Red Fox Katsura Tree Winter Buds - February 2020
Yesterday, I started with the first of the late-Winter tree bud photos. I like to document these things throughout the year so I get an understanding of how things are going and what is struggling to return from dormancy (and which trees I shouldn't worry about because they're right on schedule). I posted the current state of the buds on the vase-like Saucer Magnolia tree in our front yard. Medium-sized, fuzzy and starting to crack open. They're fun to look at right now.
One of the other front-yard trees that I haven't tracked the buds and their setting/swelling/opening series on in the diary here is the Red Fox Katsura. Planted in the Fall of 2020, this is a tiny, whip-like tree that hasn't grown much at all and has very few limbs. It suffered a bit from heat and drought stress last year, but it has - as of now - set some buds on the limbs that *do* exist. Below you can see them. To me...they kinda look like buckthorn tips - but on the middle of the branch. They have that sort of deer-hoof thing going on, don't they?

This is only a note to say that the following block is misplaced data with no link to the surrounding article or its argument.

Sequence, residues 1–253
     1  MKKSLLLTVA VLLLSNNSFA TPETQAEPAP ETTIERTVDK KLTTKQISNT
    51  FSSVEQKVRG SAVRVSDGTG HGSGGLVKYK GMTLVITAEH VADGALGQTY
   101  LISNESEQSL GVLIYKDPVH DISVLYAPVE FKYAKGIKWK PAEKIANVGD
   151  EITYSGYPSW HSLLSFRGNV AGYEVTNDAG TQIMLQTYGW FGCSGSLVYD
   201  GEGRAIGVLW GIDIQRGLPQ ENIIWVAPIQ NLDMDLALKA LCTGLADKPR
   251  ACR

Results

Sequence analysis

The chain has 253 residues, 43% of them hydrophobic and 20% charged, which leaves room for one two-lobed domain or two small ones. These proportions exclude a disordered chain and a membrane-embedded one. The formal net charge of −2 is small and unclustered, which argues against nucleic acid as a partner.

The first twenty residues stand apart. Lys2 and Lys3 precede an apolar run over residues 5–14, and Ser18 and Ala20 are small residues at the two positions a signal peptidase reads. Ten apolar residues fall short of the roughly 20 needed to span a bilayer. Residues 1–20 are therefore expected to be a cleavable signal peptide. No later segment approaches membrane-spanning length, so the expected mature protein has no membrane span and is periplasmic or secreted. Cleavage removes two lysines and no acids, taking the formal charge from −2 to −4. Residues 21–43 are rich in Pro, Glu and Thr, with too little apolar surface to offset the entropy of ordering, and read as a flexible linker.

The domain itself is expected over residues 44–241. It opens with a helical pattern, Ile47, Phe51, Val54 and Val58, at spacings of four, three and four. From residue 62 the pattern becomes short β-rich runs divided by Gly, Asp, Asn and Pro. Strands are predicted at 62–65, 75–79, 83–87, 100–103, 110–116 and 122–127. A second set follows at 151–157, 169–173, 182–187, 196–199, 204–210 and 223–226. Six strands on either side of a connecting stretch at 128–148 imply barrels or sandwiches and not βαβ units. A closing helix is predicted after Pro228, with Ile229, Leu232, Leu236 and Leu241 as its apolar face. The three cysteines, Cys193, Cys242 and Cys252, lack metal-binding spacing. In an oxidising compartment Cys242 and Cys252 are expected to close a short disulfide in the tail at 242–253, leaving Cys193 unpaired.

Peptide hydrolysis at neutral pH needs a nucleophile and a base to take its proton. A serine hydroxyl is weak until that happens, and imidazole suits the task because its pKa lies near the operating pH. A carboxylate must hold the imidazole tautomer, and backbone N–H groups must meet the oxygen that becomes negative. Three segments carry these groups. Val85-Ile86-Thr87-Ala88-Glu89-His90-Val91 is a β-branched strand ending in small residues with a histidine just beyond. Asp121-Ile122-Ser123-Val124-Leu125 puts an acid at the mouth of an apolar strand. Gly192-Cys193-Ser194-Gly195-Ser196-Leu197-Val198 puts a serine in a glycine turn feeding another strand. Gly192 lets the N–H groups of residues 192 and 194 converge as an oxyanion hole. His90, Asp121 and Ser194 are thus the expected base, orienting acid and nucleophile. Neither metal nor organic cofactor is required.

I have great hopes for this tree this season - it will be the second FULL growing season in the ground and I'm hopeful that it fills out a bit. I planted this as a hedge against the failing flowering pear tree planted a few feet away. But...surprisingly...it seems that I *might* have been able to save that flowering pear tree. Which...now presents a gardening and tree-placement dilemma. The two trees are planted too close together. Do I leave them and let nature sort it out? Cut the flowering pear down? Try to transplant this small Katsura tree? Is this something I need to deal with in 2022?